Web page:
The Abuser uses his position of leadership to take advantage of other people. Usually, he takes advantage of them to feed his sexual lust, though he may also desire power. Both Peter and Jude were aware of the Abuser’s lechery: “And many will follow their sensuality, and because of them the way of truth will be blasphemed” (2 Peter 2:2). “For certain people have crept in unnoticed who long ago were designated for this condemnation, ungodly people, who pervert the grace of our God into sensuality and deny our only Master and Lord, Jesus Christ” (Jude 4). The Abuser claims he is tending souls, but his true interest is ravishing bodies. He works his way into women’s lives, confidence, homes, and beds. When he is not pursuing illicit sexual pleasure, he may be domineering people to gain power, abusing them on his path to prominence. He does this in the name of ministry, with the claim of God’s anointing. He unapologetically uses and abuses others to feed his lusts.
Tragically, the history of the Christian faith features countless Abusers. Even in the church’s earliest days, there were sex cults and other depraved perversions of the faith. For centuries, the papacy was little more than a corrupt power struggle. Today it seems that every week, we learn of another leader who has been found guilty of sexual sin with men, women, or even children. Meanwhile, we hear sad tales of survivors who have been abused and cast aside by a leader craving power. The Abuser carries on his work.
The Divider uses false doctrine to disrupt or destroy a church. He gleefully divides brother from brother and sister from sister. Jude warned about him: “‘In the last time there will be scoffers, following their own ungodly passions.’ It is these who cause divisions, worldly people, devoid of the Spirit. But you, beloved, building yourselves up in your most holy faith and praying in the Holy Spirit, keep yourselves in the love of God, waiting for the mercy of our Lord Jesus Christ that leads to eternal life” (Jude 18-21). The Divider is devoid of the Holy Spirit whose first fruit is love and whose special work is holding believers together in the bond of peace (Galatians 5:22, Ephesians 4:3). This false teacher brings strife, not love. He generates factions, not unity. He desires discord, not harmony.
Congregations and denominations have often been splintered by the Divider as he promulgates his lies. He sometimes makes a minor doctrine into the mark of Christian maturity, causing factions to arise within the body. He may slyly introduce unbiblical doctrines, or he may undermine the ordained leadership. He does it all for the perverse satisfaction that comes with destruction.
The Tickler is the false teacher who cares nothing for what God wants and everything for what men want. He is the man-pleaser rather than the God-pleaser. Paul thought of him as the ear-tickler: “For the time is coming when people will not endure sound teaching, but having itching ears they will accumulate for themselves teachers to suit their own passions, and will turn away from listening to the truth and wander off into myths” (2 Timothy 4:3-4). The Tickler craves popularity and praise from the world. To maintain his follower’s respect, he preaches only the parts of the Bible they deem acceptable. Therefore, he speaks much of happiness but little of sin, much of heaven but nothing of hell. He gives them only what they want to hear. He preaches a partial gospel which is no gospel at all.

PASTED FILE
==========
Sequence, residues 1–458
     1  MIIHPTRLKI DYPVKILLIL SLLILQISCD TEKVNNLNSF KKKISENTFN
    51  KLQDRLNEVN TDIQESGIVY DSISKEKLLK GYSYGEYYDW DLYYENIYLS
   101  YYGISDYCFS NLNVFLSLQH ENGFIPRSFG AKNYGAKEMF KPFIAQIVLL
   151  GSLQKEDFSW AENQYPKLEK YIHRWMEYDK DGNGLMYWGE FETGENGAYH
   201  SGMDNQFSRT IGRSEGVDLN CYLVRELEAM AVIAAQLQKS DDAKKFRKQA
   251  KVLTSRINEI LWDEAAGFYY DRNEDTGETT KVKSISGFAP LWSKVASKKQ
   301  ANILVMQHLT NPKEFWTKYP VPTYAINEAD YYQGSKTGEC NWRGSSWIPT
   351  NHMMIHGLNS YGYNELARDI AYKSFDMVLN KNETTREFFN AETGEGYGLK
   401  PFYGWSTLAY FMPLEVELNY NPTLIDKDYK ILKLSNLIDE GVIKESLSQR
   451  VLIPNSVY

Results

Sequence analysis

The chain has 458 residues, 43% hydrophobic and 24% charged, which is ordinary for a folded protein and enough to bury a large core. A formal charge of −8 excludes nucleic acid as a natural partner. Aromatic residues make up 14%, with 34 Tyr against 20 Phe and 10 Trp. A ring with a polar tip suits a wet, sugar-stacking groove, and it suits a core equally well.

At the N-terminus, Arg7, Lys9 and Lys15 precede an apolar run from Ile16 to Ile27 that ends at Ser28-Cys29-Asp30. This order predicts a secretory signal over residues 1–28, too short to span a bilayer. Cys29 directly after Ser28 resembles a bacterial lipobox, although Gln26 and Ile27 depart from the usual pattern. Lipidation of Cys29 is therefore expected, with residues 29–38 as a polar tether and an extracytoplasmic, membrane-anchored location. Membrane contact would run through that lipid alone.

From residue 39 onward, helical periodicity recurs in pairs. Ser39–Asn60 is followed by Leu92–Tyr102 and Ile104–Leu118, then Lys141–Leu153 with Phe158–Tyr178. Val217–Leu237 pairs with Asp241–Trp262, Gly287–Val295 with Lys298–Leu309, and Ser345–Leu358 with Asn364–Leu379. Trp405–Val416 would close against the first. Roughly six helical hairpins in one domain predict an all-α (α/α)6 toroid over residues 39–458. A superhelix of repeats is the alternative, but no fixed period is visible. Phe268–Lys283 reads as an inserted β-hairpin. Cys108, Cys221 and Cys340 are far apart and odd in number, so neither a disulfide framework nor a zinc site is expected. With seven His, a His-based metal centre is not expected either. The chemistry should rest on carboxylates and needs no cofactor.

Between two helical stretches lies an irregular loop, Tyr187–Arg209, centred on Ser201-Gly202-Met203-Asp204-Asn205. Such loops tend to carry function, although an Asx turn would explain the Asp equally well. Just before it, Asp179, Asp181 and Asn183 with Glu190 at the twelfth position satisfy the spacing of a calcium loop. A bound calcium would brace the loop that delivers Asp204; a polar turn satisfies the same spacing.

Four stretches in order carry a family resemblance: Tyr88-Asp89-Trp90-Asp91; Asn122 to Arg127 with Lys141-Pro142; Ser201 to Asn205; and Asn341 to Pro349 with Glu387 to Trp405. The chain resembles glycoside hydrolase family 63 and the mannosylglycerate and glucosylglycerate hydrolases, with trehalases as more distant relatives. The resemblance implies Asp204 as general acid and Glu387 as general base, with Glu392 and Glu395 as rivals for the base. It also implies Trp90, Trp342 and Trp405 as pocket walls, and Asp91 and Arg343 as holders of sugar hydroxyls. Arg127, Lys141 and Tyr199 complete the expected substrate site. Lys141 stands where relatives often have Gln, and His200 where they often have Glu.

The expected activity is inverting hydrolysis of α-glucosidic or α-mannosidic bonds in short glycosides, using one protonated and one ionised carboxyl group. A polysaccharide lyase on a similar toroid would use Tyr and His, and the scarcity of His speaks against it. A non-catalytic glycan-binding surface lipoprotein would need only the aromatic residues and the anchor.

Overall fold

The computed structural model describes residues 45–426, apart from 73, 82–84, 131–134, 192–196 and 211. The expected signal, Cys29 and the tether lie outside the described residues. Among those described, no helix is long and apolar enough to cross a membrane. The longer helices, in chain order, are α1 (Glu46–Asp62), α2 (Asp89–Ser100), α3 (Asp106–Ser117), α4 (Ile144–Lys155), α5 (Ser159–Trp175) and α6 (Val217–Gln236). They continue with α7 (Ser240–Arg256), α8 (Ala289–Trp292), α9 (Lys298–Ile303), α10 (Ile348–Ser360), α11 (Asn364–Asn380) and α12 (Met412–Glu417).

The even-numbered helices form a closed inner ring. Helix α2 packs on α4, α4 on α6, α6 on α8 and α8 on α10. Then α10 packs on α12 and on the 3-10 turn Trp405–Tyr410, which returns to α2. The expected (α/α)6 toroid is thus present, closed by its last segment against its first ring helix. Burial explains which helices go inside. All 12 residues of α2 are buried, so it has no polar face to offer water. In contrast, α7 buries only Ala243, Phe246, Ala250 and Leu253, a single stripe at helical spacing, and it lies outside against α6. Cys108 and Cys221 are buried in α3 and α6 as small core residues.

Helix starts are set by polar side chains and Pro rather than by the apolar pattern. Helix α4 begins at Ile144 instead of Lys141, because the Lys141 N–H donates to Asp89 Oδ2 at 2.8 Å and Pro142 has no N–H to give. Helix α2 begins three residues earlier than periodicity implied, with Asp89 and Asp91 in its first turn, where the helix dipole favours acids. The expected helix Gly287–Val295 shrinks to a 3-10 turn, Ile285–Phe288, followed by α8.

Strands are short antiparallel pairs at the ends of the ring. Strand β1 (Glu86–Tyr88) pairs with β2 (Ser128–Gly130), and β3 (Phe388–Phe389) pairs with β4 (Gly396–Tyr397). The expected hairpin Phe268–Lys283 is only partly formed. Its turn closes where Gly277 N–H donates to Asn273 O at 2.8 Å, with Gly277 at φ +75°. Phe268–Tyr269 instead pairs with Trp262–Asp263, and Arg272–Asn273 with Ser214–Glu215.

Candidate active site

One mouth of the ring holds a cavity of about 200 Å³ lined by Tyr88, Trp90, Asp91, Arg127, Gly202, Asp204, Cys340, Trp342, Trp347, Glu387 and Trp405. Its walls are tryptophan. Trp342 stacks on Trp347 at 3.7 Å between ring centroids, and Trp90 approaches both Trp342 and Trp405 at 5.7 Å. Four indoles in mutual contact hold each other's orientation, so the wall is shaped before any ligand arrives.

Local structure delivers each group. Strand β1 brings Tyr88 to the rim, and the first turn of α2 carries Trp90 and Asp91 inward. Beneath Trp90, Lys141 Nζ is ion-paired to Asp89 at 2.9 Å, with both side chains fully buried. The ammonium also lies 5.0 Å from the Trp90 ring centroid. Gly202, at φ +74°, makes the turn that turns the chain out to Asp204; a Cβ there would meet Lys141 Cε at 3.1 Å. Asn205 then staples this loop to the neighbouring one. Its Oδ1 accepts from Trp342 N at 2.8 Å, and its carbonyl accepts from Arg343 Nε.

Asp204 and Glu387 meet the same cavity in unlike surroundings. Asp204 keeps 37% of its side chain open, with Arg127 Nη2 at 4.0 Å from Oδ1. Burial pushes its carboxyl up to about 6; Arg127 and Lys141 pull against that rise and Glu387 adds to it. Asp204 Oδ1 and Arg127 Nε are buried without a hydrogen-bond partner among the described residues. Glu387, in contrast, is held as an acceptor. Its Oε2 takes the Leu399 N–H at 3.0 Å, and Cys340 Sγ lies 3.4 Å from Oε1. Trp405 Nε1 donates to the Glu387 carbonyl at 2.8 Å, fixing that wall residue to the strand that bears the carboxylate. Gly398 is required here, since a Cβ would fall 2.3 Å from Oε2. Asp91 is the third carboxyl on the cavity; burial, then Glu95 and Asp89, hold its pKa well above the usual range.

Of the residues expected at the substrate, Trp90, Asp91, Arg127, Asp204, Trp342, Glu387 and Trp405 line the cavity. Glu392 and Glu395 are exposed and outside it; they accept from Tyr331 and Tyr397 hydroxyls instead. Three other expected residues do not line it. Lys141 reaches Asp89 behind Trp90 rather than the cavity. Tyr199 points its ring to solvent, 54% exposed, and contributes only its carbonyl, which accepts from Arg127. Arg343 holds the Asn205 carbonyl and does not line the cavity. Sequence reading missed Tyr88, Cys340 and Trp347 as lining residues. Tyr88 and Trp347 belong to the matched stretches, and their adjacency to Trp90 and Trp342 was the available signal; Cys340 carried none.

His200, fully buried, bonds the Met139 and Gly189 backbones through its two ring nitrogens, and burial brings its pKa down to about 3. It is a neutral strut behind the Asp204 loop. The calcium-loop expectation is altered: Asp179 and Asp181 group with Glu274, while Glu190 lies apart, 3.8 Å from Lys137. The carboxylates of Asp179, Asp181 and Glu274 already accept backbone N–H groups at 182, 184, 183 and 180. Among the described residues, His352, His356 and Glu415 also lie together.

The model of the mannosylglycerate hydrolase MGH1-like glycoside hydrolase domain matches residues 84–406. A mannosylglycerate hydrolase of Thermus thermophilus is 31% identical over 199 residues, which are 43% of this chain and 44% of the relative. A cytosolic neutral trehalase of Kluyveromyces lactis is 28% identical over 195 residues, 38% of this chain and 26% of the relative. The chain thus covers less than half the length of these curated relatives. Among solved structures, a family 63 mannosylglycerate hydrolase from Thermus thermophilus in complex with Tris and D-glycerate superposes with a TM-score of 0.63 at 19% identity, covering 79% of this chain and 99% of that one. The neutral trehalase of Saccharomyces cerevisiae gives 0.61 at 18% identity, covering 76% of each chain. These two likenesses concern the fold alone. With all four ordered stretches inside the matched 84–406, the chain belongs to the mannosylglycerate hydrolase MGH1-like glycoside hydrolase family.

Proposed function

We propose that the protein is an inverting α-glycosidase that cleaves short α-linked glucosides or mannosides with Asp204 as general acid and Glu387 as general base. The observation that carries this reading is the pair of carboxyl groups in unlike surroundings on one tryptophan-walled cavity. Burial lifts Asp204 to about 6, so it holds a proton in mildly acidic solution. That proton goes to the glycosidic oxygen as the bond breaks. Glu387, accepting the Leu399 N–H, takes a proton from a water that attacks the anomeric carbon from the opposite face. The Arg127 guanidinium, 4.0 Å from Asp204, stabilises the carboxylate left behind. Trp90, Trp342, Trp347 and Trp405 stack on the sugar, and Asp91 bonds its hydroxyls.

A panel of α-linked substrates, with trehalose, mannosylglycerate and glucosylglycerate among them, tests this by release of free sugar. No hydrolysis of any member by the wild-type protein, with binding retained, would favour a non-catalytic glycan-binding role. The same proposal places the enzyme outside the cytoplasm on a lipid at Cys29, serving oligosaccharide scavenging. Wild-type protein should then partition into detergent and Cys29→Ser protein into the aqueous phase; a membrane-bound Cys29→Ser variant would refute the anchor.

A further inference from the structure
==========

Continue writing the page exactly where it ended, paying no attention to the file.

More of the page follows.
He preaches an empty gospel to a packed out church.
The Tickler is as old as the church itself. In the nineteenth century he was Henry Ward Beecher, and in the twentieth he was Norman Vincent Peale and Robert Schuller. Today he is Joel Osteen, pastor of the largest church in America, who is known equally for his toothy smile and his vacuous content. He preaches an empty gospel to a packed out church. Like the false prophets of Jeremiah’s day, he and the thousands like him say, “‘Peace, peace,’ when there is no peace” (Jeremiah 6:14).
Finally, the Speculator is the one obsessed with novelty, originality, or speculation. The author of Hebrews warned his church of these “strange teachings,” while Paul told Timothy to protect the church against any “different doctrine” (Hebrews 13:9, 1 Timothy 1:3). Teaching focused on speculation displaces the sure and steady doctrine of Scripture. The Speculator tosses aside the bulk of the Bible’s content and the weight of the Bible’s emphasis in order to obsess about matters that are trivial or novel. He grows weary of the old truths and pursues respectability through originality.
Today, as in every age, the Speculator obsesses about the End Times, and somehow his failed predictions dissuade neither himself nor his followers. Recently we saw him obscuring the clear message of Scripture to search for hidden codes in Scripture. Sometimes he plants himself in academia, where one of his recent masterpieces is a re-imagined God who is unable to see and know the future. Well did Paul label the Speculator a contradictory, irreverent babbler (1 Timothy 6:20-21).
Satan’s greatest ambassadors are not pimps, politicians, or power-brokers, but pastors.
Satan’s greatest ambassadors are not pimps, politicians, or power-brokers, but pastors. His priests do not peddle a different religion, but a deadly perversion of the true one. His troops do not make a full-out frontal assault, but work as agents, sneaking into the opposing army. Satan’s tactics are studied, clever, predictable, effective. Therefore, we must always remain vigilant. “Beware of false prophets, who come to you in sheep’s clothing but inwardly are ravenous wolves. You will recognize them by their fruits” (Matthew 7:15-16a).